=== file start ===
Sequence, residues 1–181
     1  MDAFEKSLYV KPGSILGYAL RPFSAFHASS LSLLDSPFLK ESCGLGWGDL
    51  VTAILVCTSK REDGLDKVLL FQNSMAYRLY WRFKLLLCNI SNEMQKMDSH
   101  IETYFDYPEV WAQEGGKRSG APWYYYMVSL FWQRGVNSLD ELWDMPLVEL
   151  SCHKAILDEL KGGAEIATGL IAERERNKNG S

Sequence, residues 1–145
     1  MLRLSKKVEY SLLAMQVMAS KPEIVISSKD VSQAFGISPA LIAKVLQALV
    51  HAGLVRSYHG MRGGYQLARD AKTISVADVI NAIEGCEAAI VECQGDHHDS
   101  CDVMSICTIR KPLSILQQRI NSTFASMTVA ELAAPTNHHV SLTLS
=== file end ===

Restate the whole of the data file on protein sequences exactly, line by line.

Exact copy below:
Sequence, residues 1–181
     1  MDAFEKSLYV KPGSILGYAL RPFSAFHASS LSLLDSPFLK ESCGLGWGDL
    51  VTAILVCTSK REDGLDKVLL FQNSMAYRLY WRFKLLLCNI SNEMQKMDSH
   101  IETYFDYPEV WAQEGGKRSG APWYYYMVSL FWQRGVNSLD ELWDMPLVEL
   151  SCHKAILDEL KGGAEIATGL IAERERNKNG S

Sequence, residues 1–145
     1  MLRLSKKVEY SLLAMQVMAS KPEIVISSKD VSQAFGISPA LIAKVLQALV
    51  HAGLVRSYHG MRGGYQLARD AKTISVADVI NAIEGCEAAI VECQGDHHDS
   101  CDVMSICTIR KPLSILQQRI NSTFASMTVA ELAAPTNHHV SLTLS